“How the hell did you end up here?”
After negronis with the ICON team at Sel Rrose – a post-war Parisian looking, non-descript bar on the traffic-clogged Delancey Street in New York – I walked the three blocks home to my new apartment on the Lower East Side. Seven times I had visited this incredible city as a journalist but finally, I was able to stand atop of a rooftop and call it home; Sharp shivers as I stared down at the drunken silhouettes, neon signs and flashing firetrucks. Sweeter goosebumps as I took in the enormity of the skyscrapers in the distance. After about the fourth visit to NYC, you start to see the city with a different lens. You start to see the rubbish and the rumbling subway beneath you is less of a novelty and more of an annoyance. But that magic hour, 1am, became both the hard part of the night and my favourite space of time. I’d be taking calls with our Sydney office while watching the dear characters outside my window. How did you end up here? I would muse to myself.
The answer was a cruel shrug in a series of now-fleeting moments; A cheating ex-boyfriend who had smoked my heart like a cigarette, the perspective gained after the passing of my ill father and monthly business trips to New York to realise Sydney’s Bondi bubble was never going to serve up even half of what I really wanted. The cultural epicentre of the ICON brand – it’s love affair with the street, it’s fashion, it’s film and what made you guys tick – was not going to be uncovered first-hand in Australia alone. America offered all of this. And so the ICON team’s first foray into the US was before us, standing 10 stories tall – maybe even 20, 50, 104, as high as the beams shooting off the new One World Trade Center in front of me on my rooftop that humid night in September. The task ahead was huge.
Yes, the experience of uprooting an office to the other side of the world was expectedly full of challenges. What wasn’t expected were the absolute weirdos. Actor Bill Skarsgård of IT fame warned me of the strange characters roaming the city during his shoot at a studio in TriBeCa. He remembered a time when he was actually one of them, dancing and laughing in full clown makeup on the sidewalk on his way to the film’s audition, something he said no one even flinched at because, “that’s America”.
While our general manager Marne and fashion director Kim were shooting in the wee hours of the morning in Brownsville, Brooklyn – AKA the murder capital of NYC – Marne’s laptop was stolen by a prostitute. On that same shoot, Kim was also accused of running a brothel out of her Airbnb, the result of a mere misunderstanding when the host asked what Kim was doing with so many men in her room and she replied “I’m undressing them, you cannot go in there.” On another occasion, a man masquerading as a regular human began screaming at me while I was picking up props because I wouldn’t withdraw him $6 from an ATM on Broadway.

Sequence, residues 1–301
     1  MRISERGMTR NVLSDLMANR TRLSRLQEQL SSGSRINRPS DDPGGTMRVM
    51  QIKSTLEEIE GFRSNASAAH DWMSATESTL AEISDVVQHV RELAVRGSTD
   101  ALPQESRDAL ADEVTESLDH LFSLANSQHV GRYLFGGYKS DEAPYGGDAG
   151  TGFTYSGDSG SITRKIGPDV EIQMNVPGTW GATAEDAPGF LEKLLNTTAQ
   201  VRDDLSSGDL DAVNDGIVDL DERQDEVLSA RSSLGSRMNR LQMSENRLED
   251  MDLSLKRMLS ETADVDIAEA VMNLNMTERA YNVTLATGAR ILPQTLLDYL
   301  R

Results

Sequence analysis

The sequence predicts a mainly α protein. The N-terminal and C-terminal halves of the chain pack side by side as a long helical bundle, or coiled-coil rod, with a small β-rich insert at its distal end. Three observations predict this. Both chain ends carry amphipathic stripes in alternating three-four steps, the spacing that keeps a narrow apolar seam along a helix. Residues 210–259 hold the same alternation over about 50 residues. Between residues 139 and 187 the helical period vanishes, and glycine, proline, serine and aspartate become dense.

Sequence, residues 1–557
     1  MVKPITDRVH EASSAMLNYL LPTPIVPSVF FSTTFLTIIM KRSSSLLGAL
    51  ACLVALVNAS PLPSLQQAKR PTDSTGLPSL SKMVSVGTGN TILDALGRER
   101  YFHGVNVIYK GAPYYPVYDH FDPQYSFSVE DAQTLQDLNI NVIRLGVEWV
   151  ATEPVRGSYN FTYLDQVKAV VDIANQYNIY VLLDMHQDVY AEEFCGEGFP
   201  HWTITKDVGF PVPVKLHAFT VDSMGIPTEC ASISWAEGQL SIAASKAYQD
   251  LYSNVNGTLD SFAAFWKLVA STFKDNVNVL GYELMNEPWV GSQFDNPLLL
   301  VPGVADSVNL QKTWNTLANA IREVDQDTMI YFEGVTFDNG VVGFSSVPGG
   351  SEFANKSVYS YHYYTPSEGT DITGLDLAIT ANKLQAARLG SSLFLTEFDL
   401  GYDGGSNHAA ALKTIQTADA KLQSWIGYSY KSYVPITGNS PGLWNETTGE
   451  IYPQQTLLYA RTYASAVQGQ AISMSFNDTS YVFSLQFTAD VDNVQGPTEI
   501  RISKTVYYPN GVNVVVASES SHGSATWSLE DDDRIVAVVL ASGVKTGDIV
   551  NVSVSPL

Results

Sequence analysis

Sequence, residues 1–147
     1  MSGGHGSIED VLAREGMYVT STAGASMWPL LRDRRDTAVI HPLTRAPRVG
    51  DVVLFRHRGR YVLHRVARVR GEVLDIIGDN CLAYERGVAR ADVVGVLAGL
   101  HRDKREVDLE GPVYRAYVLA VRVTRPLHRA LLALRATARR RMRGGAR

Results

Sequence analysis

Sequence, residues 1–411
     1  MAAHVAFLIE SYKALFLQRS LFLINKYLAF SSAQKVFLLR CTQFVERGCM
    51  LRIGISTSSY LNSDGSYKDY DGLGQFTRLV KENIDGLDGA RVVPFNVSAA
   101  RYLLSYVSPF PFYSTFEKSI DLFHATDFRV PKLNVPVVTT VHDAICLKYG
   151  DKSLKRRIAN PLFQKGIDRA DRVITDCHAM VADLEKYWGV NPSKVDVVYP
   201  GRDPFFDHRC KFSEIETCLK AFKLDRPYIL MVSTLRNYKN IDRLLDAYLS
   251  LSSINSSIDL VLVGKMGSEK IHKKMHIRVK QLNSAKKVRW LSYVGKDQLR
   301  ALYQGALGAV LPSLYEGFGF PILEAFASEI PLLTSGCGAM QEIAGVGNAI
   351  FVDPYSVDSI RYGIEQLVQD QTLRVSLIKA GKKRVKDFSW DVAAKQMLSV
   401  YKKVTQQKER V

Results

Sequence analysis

New York was hard.
ICON’s office basically operated out of my apartment’s kitchen which was equipped with little more than a couple of laptops and a set of knives. I’ve written copy for this issue on flights, hotels and from the back of a Chinese takeaway because that was the only spot I had access to a printer. We’ve raced across the island of Manhattan to retrieve last minute garments for shoots that were happening in real time. I’ve had fights with Marne at 2am over image selections and headline changes. Luka Sabbatt was stuck in London without an American passport two days before he was due to shoot with us in NYC. (He made it). We’ve lugged 14 30 kilo suitcases up and down stairwells. (We made it.) Kim even sat across from a man who had been stabbed through the cheek on the subway, a tale that surely belongs on Page 74 of the magazine. (She nearly didn’t make it.)
While interviewing American writer and producer Max Weissberg – the grandson of the owner of the Gramercy Park Hotel – I was caught up to speed on wild stories of iconic musicians who played up during their stays. (It was the 80s and, as Max tells it, you could order cocaine via room service. Madonna even tried to seduce Max’s aunt into a threesome – a detail Rolling Stone wouldn’t push publish on. But we did on page 50.) “Once Joe Strummer and The Clash went into some rough neighbourhoods and befriended some gangs,” says Max. “They ended up changing their music style and coming up with ‘This is Radio Clash.’”
I’d like to think the ICON team were a little bit like Joe Strummer. A couple of issues in and it was time to enter new territory. There’s nothing quite like experiencing a Shawn Mendes concert from the photographer pit at the Barclays Center in Brooklyn as a means of previewing his upcoming Australian tour. Or sitting down with and picking the brain of the LAPD lead detective who solved the Tupac and Biggie murders and still has a bone to pick with P. Diddy. Or shooting across to Los Angeles and laughing hysterically during an interview with Bill Hader and James McAvoy.
That’s the short version of how we got here. And I look forward to bringing you more icons up close from the American frontline. Even if it means a bad Airbnb rating and a Negroni hangover.
Enjoy the issue.
THIS ARTICLE WAS ORIGINALLY PUBLISHED IN THE OCTOBER 2019 EDITION OF ICON AUSTRALIA.